Statin use reduces stroke risks in patients with atrial fibrillation

A region-wide study in more than 50,000 patients with atrial fibrillation found reduced stroke risks and transient ischaemic attack in those who started statins within a year of diagnosis compared with those who did not. The findings are presented at EHRA 2023, the European Society of Cardiology (ESC) scientific congress.

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"Our study indicates that taking statins for many years was even more protective against stroke than short-term use," said study author Ms. Jiayi Huang, a Ph.D. student at the University of Hong Kong, China.

Atrial fibrillation is the most common heart rhythm disorder, affecting more than 40 million people worldwide. Patients with the condition have a five times greater risk of stroke than their peers. Anticoagulant medication is recommended to prevent strokes in those with atrial fibrillation but does not entirely eliminate risk. In addition, Statin therapy is widely prescribed to lower blood cholesterol and reduce the likelihood of heart attack and stroke. However, the benefit of statins for stroke prevention in patients with atrial fibrillation has been unclear.

This study evaluated the association between statin use and the incidence of stroke and transient ischaemic attack in patients with atrial fibrillation. The researchers used the Hong Kong Clinical Data Analysis and Reporting System to identify all patients with a new diagnosis of atrial fibrillation between 2010 and 2018. Participants were divided into two groups: statin users and non-users. Users had received statins for at least 90 consecutive days during the year after being diagnosed with atrial fibrillation.

The primary outcomes were the combined endpoint of ischaemic stroke or systemic embolism, hemorrhagic stroke, and transient ischaemic attack. Patients were followed until the occurrence of the primary outcomes, death, or the end of the study on 31 October 2022. 

A total of 51,472 patients with a new diagnosis of atrial fibrillation were included, of which 11,866 were classified as statin users, and 39,606 were non-users. The median age of participants was 75 years, and 48% were women. During a median follow-up of five years, statin users had a significantly lower risk of all primary outcomes compared to non-users. For example, Statin use was associated with a 17% reduced risk of ischaemic stroke or systemic embolism (hazard ratio [HR] 0.83; 95% confidence interval [CI] 0.78–0.89), a 7% reduced risk of hemorrhagic stroke (HR 0.93; 95% CI 0.89–0.98) and a 15% reduced risk of transient ischaemic attack (HR 0.85; 95% CI 0.80–0.90).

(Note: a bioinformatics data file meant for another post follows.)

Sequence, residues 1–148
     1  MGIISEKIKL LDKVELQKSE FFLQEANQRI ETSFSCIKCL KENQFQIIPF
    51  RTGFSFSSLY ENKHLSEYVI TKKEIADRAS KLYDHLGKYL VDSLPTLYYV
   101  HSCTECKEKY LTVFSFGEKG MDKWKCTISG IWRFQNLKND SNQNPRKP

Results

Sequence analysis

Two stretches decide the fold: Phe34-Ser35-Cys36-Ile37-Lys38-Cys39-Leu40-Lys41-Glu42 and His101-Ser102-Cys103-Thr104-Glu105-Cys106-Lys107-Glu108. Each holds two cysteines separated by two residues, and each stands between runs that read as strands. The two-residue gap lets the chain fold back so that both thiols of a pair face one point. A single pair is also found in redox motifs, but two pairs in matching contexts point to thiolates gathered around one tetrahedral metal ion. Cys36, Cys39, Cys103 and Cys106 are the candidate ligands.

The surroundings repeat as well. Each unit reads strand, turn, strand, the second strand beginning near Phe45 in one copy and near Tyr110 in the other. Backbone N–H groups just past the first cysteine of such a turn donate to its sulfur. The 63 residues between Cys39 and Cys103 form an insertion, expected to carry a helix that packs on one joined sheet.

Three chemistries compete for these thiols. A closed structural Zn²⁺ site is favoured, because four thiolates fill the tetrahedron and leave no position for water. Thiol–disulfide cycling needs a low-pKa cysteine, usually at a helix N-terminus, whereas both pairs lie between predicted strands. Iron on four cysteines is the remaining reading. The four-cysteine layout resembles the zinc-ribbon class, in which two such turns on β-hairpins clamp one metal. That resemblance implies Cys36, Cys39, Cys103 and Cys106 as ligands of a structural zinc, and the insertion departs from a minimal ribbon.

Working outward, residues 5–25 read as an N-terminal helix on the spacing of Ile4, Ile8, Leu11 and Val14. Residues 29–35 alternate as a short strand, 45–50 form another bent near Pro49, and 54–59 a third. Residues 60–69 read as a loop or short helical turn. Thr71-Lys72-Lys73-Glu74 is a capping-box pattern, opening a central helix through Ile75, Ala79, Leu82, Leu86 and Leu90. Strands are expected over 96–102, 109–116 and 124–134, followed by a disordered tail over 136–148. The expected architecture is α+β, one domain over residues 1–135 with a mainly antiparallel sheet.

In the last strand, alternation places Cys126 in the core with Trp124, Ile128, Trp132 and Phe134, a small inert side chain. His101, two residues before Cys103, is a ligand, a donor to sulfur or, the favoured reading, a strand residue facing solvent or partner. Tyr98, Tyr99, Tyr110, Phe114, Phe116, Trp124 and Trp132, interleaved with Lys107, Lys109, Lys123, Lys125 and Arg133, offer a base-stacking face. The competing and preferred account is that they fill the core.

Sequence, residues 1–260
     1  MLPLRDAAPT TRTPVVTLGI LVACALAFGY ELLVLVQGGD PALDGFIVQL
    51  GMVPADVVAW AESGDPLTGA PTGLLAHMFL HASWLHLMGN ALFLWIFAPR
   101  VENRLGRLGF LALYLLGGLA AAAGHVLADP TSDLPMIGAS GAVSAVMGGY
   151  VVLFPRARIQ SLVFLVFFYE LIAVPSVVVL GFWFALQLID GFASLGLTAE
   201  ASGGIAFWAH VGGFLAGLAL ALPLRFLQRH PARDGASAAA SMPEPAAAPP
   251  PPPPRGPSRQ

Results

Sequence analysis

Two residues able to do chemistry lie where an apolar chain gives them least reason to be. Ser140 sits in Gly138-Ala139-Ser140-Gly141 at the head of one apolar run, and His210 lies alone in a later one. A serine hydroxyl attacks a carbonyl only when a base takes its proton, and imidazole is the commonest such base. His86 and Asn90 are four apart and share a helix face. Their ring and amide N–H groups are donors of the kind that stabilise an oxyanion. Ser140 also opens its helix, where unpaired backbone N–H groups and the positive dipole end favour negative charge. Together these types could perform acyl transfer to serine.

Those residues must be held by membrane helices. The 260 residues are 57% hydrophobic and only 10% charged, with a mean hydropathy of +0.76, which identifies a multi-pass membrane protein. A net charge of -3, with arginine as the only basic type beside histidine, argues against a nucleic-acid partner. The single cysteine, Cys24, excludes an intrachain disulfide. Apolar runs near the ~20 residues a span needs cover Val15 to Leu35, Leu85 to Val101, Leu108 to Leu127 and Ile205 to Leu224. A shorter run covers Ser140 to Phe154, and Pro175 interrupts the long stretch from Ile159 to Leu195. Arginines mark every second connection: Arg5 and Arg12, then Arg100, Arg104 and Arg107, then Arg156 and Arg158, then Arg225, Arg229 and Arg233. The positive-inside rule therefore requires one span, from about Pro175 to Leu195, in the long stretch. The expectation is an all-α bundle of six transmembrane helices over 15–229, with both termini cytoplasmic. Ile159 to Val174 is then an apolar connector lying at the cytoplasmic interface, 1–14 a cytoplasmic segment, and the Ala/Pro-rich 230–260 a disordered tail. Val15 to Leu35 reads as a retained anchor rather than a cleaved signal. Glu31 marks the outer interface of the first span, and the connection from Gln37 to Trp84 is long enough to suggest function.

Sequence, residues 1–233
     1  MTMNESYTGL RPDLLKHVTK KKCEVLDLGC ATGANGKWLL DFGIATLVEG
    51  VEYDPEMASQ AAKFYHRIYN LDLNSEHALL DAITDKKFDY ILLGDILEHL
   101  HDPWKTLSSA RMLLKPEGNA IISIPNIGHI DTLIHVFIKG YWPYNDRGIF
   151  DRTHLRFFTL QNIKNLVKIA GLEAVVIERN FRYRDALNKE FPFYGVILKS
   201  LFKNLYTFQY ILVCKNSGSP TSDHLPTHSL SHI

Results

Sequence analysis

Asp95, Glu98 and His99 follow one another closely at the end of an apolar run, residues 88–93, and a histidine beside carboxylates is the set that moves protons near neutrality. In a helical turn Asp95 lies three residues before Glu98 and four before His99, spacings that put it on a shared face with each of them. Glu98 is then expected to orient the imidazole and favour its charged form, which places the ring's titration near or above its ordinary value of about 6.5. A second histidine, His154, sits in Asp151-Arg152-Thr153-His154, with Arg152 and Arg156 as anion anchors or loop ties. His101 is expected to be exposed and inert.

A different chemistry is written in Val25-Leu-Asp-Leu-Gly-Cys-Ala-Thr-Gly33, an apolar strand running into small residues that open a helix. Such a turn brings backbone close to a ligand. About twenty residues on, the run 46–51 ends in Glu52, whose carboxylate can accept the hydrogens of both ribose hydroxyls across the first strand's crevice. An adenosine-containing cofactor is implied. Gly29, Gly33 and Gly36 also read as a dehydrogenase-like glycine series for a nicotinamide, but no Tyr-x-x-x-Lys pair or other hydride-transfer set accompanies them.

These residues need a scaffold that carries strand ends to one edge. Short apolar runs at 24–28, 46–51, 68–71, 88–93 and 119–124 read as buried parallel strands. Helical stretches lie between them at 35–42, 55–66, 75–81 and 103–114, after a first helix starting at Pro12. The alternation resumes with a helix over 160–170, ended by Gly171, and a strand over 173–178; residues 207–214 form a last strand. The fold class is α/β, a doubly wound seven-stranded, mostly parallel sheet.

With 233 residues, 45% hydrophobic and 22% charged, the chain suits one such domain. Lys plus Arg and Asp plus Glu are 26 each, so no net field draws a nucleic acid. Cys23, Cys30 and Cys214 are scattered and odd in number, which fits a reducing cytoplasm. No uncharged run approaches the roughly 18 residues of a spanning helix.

The researchers also found that long-term statin use was associated with greater protection than short-term use. Compared to those taking the medication for between three months and two years, patients using statins for six years or longer had a 43% lower risk of ischaemic stroke or systemic embolism (HR 0.57; 95% CI 0.54–0.61), 44% reduced likelihood of hemorrhagic stroke (HR 0.56; 95% CI 0.53–0.60) and 42% reduced risk of transient ischaemic attack (HR 0.58; 95% CI 0.52–0.64). These associations were consistent regardless of whether or not patients used anticoagulant medication and the type of anticoagulant.

Ms. Huang said: "These data support the use of statins to prevent stroke and transient ischaemic attack in patients with new-onset atrial fibrillation. The findings have important clinical implications, particularly given that in atrial fibrillation patients, ischaemic strokes are often fatal or disabling and have a high risk of recurrence."

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